Open Access

Bedside selection of positive end-expiratory pressure by electrical impedance tomography in hypoxemic patients: a feasibility study

  • Nilde Eronia1,
  • Tommaso Mauri2, 3,
  • Elisabetta Maffezzini4,
  • Stefano Gatti4,
  • Alfio Bronco4,
  • Laura Alban2, 3,
  • Filippo Binda3,
  • Tommaso Sasso2, 3,
  • Cristina Marenghi3,
  • Giacomo Grasselli3,
  • Giuseppe Foti1, 4,
  • Antonio Pesenti2, 3 and
  • Giacomo Bellani1, 4Email authorView ORCID ID profile
Annals of Intensive Care20177:76

https://doi.org/10.1186/s13613-017-0299-9

Received: 16 March 2017

Accepted: 6 July 2017

Published: 20 July 2017

Abstract

Background

Positive end-expiratory pressure (PEEP) is a key element of mechanical ventilation. It should optimize recruitment, without causing excessive overdistension, but controversy exists on the best method to set it. The purpose of the study was to test the feasibility of setting PEEP with electrical impedance tomography in order to prevent lung de-recruitment following a recruitment maneuver. We enrolled 16 patients undergoing mechanical ventilation with PaO2/FiO2 <300 mmHg. In all patients, under constant tidal volume (6–8 ml/kg) PEEP was set based on the PEEP/FiO2 table proposed by the ARDS network (PEEPARDSnet). We performed a recruitment maneuver and monitored the end-expiratory lung impedance (EELI) over 10 min. If the EELI signal decreased during this period, the recruitment maneuver was repeated and PEEP increased by 2 cmH2O. This procedure was repeated until the EELI maintained a stability over time (PEEPEIT).

Results

The procedure was feasible in 87% patients. PEEPEIT was higher than PEEPARDSnet (13 ± 3 vs. 9 ± 2 cmH2O, p < 0.001). PaO2/FiO2 improved during PEEPEIT and driving pressure decreased. Recruited volume correlated with the decrease in driving pressure but not with oxygenation improvement. Finally, regional alveolar hyperdistention and collapse was reduced in dependent lung layers and increased in non-dependent lung layers.

Conclusions

In hypoxemic patients, a PEEP selection strategy aimed at stabilizing alveolar recruitment guided by EIT at the bedside was feasible and safe. This strategy led, in comparison with the ARDSnet table, to higher PEEP, improved oxygenation and reduced driving pressure, allowing to estimate the relative weight of overdistension and recruitment.

Keywords

EITPEEPOverdistensionRecruitment

Background

Acute respiratory distress syndrome (ARDS) is a relatively common and severe form of respiratory failure, characterized by massive non-cardiogenic pulmonary edema, with consequent loss of aeration in the alveolar spaces [1]. ARDS patients require intubation and mechanical ventilation as lifesaving procedures, and positive end-expiratory pressure (PEEP) is a key element of mechanical ventilation settings. Since both lower and higher PEEP levels may be associated with significant adverse consequences [2], personalized PEEP setting might be of cornerstone importance. Ideally, PEEP should optimize recruitment to improve oxygenation and reduce lung strain, without causing excessive overdistension, but controversy exists on the best bedside method to select PEEP. A common clinical approach is based on the severity of hypoxemia, relying on the use of PaO2/FiO2 tables [3]. Other approaches to select “personalized PEEP” are based on its effect on respiratory mechanics, focusing on plateau pressure [4], on stress index [5] or on transpulmonary pressure [6, 7]. These methods, however, do not provide consistent finding [8] and share the limitation of “lumping” into one measurement heterogeneous processes within the lung (i.e., recruitment, tidal opening–closing and overdistension [9, 10]) and of using surrogate rather than direct measures for lung recruitment induced by PEEP. In summary, bedside personalization of PEEP is still quite far from clinical practice. Randomized clinical trials have not shown clear benefit by indiscriminate application of high PEEP levels: Although a meta-analysis suggested that “higher” PEEP might be beneficial in moderate–severe ARDS [11], in everyday clinical practice clinicians still tend to apply relatively low PEEP levels even in severe ARDS patients [12].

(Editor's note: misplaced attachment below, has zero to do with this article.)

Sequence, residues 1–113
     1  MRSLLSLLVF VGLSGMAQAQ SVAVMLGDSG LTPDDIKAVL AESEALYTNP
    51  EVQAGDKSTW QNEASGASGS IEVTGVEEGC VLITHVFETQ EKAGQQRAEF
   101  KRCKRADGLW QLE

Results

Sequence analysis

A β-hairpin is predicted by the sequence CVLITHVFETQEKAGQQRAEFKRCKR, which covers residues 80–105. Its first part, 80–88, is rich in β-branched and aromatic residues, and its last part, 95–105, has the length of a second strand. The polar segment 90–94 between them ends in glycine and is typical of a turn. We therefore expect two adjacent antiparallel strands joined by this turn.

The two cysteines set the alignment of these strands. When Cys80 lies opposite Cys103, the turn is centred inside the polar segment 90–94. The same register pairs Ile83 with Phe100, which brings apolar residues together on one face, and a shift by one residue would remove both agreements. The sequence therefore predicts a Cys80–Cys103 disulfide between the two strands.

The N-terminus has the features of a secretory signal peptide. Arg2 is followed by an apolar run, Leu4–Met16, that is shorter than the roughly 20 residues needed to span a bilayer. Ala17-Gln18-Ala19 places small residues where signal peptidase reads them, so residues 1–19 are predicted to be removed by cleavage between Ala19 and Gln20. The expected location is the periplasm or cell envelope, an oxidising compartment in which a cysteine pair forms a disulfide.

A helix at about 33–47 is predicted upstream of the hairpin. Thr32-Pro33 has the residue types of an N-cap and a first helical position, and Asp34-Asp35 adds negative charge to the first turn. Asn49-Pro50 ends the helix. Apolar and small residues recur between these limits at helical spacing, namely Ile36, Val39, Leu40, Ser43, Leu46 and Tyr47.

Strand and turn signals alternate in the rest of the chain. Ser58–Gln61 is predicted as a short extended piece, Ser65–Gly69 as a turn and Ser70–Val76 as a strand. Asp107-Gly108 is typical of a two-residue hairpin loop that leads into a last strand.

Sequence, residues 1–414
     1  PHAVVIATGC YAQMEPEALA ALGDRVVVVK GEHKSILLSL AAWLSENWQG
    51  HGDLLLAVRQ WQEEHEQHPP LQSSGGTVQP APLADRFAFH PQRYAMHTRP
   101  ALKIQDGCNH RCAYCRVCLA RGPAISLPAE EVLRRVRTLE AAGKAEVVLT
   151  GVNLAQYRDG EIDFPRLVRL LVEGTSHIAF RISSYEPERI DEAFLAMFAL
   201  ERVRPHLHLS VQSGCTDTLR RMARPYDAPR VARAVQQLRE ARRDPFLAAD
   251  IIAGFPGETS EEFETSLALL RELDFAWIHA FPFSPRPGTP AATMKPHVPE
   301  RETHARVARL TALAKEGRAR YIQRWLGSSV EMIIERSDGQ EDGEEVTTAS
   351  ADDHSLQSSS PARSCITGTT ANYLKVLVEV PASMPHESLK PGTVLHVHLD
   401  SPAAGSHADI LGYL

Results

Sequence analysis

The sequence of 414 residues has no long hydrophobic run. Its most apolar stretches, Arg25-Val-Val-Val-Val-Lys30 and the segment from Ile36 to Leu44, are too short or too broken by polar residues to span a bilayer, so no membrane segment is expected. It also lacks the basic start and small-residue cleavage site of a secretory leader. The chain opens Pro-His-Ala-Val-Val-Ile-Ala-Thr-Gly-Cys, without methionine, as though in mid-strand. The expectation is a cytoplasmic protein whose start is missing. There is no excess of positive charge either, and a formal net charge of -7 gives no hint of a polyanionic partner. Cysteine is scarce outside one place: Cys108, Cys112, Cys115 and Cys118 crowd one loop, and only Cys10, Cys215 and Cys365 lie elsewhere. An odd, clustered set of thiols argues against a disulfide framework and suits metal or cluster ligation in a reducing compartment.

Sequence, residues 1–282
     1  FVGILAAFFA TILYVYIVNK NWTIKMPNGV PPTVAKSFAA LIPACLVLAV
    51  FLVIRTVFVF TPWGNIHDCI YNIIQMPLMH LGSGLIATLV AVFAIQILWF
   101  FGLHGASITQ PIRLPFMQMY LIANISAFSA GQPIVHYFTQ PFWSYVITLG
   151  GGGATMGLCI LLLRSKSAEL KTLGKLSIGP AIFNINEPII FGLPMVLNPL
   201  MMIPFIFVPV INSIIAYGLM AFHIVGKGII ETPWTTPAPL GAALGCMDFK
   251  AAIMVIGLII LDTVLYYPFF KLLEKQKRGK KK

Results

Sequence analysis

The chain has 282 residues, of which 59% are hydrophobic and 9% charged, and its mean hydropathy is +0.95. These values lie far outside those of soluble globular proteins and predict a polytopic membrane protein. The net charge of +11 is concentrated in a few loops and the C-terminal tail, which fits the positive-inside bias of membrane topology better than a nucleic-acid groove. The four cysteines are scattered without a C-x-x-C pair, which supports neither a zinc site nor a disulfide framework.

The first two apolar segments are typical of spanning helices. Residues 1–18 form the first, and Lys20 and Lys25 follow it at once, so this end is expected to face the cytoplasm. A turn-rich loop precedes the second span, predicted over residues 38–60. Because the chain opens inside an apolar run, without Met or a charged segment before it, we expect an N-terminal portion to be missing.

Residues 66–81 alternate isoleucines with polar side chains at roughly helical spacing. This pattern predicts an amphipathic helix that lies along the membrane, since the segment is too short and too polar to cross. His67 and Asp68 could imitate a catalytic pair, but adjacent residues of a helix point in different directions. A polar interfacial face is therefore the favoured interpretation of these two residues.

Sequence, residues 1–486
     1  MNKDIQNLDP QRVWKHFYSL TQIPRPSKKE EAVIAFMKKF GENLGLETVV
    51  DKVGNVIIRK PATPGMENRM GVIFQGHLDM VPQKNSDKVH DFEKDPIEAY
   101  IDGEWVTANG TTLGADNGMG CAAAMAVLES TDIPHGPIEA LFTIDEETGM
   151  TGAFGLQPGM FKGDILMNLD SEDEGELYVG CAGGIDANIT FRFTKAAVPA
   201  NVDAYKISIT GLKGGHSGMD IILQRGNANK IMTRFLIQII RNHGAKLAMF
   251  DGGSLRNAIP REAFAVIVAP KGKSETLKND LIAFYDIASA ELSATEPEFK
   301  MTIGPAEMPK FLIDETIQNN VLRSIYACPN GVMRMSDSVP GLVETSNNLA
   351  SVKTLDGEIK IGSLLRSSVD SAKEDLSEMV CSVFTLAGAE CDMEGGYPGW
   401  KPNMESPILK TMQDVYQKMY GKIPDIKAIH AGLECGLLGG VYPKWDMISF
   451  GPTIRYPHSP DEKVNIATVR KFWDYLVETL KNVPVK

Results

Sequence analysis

In the present study, we hypothesized that the optimal PEEP level for each patient may be selected by assessing its efficacy in maintaining alveolar recruitment induced by a recruitment maneuver (RM). RMs are transient and voluntary increases in transpulmonary pressure that could reopen previously collapsed alveoli; they typically consist of application of continuous positive airway pressure of 30–50 cmH2O for 20–40 s, or transient increases in PEEP and/or inspiratory pressure, with a consequent increase in end-expiratory lung volume (EELV), decrease in lung strain and improvement in patient’s oxygenation [13, 14].